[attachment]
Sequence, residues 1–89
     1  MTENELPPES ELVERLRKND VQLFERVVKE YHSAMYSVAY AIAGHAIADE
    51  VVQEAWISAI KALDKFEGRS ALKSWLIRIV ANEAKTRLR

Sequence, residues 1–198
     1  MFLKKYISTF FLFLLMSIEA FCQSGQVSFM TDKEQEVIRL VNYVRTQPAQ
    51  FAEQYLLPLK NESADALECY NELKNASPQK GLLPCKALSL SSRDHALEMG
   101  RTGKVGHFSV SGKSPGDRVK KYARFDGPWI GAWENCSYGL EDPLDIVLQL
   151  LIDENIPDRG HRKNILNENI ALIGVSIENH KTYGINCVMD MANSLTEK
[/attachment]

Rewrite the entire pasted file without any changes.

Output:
Sequence, residues 1–89
     1  MTENELPPES ELVERLRKND VQLFERVVKE YHSAMYSVAY AIAGHAIADE
    51  VVQEAWISAI KALDKFEGRS ALKSWLIRIV ANEAKTRLR

Sequence, residues 1–198
     1  MFLKKYISTF FLFLLMSIEA FCQSGQVSFM TDKEQEVIRL VNYVRTQPAQ
    51  FAEQYLLPLK NESADALECY NELKNASPQK GLLPCKALSL SSRDHALEMG
   101  RTGKVGHFSV SGKSPGDRVK KYARFDGPWI GAWENCSYGL EDPLDIVLQL
   151  LIDENIPDRG HRKNILNENI ALIGVSIENH KTYGINCVMD MANSLTEK